Eye For Film >> Movies >> Iron Man (2008) Film Review
Since Marvel Comics and CGI started their mystical marriage in the late 1990s, we’ve had superheroes galore. Hulks, Surfers, Spider-men, not to mention renewed Batmans and Supermans. So what does Iron Man have to offer that’s different?
A flawed character who becomes honourable is the answer, triumphing in the battle of Good over Evil in spite of being a bit of a prat.
Billionaire and genius Tony Stark – with a personality vaguely based on Howard Hughes – is a weapons inventor that gets captured by bad guys in Afghanistan. Forced to work for them, he has other plans. Stark, nicely played by Robert Downey Jr, fashions a hi-tech suit of armour - before going on to save the world in usual exemplary fashion.
This long build-up – to explain how he becomes Iron Man – is arguably the best part of the film. Ingenious special effects give Stark’s futuristic Malibu mansion a sci-fi rather than fantasy feel. And the subtle build-up makes us more forgiving as the story slips slowly into comic-book reality.
There are, of course, compromises. It has to appeal to kids as well as adults, so there is none of the gutsiness of The Terminator (or similar adult-orientated sci-fi). And in spite of the heavy moral-political issues at stake, Iron Man stays politically bland – this being the only way to get D.O.D. approval and hence associated goodies like fighter jets and military hardware.
One of the most interesting ideas for me in the film was the idea of ‘zero accountability’. This takes the form of having all the wealth, brains and playboy attributes that fiction writers can imagine, but could also be a symbol for U.S. military might, for instance. Stark’s first premise, of power being the ultimate deterrent (and hence a peace-keeping force) is undermined when the enemy gets hold of the same weapons and starts killing indiscriminately. Theologians might also muse how power itself has no moral authority. Good guys have to grudgingly beseech permission from whoever wields the biggest thunderbolt. Iron Man’s technology has a special feature to avoid targeting civilians - one military development I would love to see.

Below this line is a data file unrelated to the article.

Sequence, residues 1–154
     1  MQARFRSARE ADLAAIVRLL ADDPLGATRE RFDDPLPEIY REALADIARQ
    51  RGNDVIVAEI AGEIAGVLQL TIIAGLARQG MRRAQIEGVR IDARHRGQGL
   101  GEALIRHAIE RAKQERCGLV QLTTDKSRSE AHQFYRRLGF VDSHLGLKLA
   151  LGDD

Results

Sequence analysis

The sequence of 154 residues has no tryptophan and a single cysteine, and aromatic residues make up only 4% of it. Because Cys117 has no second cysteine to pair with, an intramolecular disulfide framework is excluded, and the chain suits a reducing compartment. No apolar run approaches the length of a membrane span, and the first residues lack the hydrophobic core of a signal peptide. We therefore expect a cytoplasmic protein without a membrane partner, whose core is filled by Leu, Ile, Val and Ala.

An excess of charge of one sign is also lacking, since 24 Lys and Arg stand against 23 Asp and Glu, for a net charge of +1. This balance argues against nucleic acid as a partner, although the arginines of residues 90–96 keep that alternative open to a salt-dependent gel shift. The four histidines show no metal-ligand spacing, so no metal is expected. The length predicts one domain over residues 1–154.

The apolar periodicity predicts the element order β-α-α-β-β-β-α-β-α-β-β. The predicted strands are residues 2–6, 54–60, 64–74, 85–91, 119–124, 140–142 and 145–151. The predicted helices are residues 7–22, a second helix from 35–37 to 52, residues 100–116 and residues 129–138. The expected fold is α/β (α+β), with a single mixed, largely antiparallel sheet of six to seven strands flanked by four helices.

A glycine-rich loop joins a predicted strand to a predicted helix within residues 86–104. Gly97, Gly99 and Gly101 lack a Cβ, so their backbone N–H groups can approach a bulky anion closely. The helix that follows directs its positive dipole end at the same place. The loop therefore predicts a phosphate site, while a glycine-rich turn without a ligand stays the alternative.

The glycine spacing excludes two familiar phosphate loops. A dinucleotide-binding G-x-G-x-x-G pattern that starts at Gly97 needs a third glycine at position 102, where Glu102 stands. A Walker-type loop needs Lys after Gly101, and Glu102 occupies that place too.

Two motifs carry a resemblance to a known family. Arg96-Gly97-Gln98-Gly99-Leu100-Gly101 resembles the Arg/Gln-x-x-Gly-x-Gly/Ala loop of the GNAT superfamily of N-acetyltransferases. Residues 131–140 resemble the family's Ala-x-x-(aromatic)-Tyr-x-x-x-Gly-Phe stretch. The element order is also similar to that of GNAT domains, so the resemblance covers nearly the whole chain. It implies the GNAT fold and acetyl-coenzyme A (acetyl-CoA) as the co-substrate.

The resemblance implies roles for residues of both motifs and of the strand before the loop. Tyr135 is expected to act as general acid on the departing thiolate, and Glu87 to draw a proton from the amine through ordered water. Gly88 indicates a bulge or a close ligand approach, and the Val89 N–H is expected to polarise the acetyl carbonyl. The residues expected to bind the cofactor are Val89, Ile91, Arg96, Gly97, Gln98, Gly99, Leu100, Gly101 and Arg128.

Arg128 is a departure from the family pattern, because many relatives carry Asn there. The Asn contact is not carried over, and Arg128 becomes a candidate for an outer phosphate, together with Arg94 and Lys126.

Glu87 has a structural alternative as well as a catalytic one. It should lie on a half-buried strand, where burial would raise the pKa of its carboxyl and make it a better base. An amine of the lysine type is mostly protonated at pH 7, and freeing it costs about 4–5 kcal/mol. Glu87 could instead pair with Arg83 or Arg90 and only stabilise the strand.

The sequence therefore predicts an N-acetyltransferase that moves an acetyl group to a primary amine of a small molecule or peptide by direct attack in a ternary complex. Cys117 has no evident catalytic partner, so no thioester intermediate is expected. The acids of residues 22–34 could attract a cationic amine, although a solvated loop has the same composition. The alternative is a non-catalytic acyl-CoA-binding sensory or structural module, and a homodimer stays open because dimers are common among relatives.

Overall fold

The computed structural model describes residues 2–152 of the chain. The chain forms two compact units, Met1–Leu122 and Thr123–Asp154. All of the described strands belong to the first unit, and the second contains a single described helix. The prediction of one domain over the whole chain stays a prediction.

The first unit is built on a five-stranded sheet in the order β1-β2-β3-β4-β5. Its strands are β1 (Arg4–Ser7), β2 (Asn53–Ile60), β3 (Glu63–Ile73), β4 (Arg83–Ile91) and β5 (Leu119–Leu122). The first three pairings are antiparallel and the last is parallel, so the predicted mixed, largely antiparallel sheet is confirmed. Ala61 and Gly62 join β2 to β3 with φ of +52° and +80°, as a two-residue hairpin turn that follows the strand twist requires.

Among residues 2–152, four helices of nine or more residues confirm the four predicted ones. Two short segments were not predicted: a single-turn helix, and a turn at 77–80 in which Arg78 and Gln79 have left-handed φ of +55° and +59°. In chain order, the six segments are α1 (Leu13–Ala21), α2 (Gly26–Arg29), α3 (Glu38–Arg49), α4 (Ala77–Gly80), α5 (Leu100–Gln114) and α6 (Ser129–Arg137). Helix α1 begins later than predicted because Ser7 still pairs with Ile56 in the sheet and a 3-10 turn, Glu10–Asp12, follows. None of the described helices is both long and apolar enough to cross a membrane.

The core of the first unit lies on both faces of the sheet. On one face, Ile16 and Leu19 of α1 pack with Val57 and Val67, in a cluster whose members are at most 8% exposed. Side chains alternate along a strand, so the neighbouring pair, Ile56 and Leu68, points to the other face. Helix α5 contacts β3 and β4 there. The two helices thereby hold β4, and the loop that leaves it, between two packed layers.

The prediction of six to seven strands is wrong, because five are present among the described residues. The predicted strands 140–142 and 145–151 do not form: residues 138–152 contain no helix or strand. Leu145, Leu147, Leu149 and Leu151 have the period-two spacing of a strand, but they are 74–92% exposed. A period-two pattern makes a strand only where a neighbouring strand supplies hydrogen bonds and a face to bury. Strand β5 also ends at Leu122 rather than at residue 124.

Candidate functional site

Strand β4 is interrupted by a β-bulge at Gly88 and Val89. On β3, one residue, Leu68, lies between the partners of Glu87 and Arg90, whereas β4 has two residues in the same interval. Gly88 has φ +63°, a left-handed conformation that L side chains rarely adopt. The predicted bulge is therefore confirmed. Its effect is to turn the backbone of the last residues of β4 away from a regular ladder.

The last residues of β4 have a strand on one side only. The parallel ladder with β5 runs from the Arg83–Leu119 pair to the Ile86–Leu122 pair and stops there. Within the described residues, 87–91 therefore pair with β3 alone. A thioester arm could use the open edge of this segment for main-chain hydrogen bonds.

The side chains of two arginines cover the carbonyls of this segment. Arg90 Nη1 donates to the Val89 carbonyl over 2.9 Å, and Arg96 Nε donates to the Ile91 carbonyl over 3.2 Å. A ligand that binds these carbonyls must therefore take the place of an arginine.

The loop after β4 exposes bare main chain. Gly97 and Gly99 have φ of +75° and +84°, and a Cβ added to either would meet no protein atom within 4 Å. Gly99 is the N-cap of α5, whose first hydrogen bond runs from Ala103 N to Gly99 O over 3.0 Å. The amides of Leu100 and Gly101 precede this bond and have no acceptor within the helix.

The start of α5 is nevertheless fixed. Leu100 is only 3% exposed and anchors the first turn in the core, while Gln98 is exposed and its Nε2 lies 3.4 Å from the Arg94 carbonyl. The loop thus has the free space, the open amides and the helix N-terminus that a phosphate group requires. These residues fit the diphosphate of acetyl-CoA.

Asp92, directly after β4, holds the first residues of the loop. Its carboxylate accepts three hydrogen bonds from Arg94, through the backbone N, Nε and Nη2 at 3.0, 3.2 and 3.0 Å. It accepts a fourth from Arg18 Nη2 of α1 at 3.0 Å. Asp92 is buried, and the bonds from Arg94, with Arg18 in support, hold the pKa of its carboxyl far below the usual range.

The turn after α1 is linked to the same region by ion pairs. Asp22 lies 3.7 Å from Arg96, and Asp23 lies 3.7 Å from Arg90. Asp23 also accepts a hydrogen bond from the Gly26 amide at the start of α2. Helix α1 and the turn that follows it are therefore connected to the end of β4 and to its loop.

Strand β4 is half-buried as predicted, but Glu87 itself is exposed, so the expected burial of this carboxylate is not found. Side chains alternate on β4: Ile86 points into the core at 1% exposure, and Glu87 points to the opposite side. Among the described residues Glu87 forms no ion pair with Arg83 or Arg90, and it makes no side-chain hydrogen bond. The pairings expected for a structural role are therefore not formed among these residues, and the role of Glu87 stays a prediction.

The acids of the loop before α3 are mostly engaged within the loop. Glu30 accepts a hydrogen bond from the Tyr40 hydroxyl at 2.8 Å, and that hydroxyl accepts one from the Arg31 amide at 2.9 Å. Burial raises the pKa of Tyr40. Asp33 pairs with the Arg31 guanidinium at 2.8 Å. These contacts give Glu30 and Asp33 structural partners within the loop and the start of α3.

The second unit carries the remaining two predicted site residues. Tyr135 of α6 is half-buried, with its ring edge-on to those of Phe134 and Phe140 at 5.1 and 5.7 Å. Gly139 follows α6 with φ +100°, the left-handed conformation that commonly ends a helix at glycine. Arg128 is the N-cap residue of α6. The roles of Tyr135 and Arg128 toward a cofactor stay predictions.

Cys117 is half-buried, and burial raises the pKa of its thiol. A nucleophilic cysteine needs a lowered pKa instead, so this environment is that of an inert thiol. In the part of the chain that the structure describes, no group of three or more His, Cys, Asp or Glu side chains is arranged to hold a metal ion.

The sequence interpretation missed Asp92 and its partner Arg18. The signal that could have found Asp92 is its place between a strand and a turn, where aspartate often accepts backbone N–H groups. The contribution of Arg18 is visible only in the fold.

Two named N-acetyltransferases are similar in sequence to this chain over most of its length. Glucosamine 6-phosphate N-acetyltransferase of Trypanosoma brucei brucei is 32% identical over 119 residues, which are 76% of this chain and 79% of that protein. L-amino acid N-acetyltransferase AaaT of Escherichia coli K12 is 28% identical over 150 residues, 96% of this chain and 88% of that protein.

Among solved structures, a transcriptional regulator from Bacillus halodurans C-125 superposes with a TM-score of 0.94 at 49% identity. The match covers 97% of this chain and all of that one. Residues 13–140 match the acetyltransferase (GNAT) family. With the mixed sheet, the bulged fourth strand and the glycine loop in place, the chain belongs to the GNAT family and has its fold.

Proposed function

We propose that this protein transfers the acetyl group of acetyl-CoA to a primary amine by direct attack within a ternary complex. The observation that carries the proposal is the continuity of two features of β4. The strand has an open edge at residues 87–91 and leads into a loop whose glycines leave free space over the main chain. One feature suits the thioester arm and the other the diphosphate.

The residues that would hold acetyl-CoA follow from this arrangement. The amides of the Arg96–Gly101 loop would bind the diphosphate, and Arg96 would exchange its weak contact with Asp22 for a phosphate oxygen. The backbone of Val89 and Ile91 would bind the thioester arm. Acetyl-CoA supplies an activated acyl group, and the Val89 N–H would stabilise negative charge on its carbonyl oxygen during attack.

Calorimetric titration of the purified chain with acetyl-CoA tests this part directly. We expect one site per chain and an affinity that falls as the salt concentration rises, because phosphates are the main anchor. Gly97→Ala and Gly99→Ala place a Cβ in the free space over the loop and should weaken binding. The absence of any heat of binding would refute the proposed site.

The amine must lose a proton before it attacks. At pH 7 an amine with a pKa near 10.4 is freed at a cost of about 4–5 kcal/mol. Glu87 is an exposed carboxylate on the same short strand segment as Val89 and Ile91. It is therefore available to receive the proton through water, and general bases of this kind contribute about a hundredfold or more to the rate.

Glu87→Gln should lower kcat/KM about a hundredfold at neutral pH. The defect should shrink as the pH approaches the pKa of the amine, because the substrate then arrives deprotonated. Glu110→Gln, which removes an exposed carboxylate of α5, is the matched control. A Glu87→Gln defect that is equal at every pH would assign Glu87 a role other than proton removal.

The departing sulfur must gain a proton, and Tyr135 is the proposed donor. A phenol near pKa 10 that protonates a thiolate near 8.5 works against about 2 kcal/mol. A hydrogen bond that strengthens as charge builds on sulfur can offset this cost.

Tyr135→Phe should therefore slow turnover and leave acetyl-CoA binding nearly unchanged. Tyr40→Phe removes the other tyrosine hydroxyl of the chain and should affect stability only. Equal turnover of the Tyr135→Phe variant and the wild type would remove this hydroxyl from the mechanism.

Iron Man, essentially a symbol of power, abounds in biblical references, even if these come more from the comic book creators than any learning on the part of filmmakers. Jericho, the name given to Stark’s finest military weapon, was the city that had to be destroyed, ‘as an outward display of faith.’ Which makes for great symbolism. Until you consider that modern-day Jericho is in the West Bank of the Palestinian territories, and then Stark’s ‘rockets’ start to look a lot more loaded.
The second half of the movie is pure action, but with a well-delivered script and sufficient plot-twists to keep you engaged. Out-of-reach love-interest materialises as Gwyneth Paltrow, who I found very agreeable to watch, and the excellent supporting cast also includes Jeff Bridges and Terrence Howard. This is a film that tries to please everyone and largely succeeds. It’s a two-hour thrill-ride that offers a new action-hero for our CGI-sated palates.
On a personal note, my big disappointment was the title track – or rather lack of it. Having heard one of the most famous heavy metal riffs of all time in the trailer, I couldn’t wait to see Iron Man flying through the skies to the sound of Black Sabbath’s rock anthem. Sadly, the riff is all you get (probably cos the words seem to be based on an altogether different story). But if you sit through the closing credits hoping for more, you do at least get a very important extra scene. So you’ve been warned: don’t leave the cinema beforehand!Reviewed on: 01 May 2008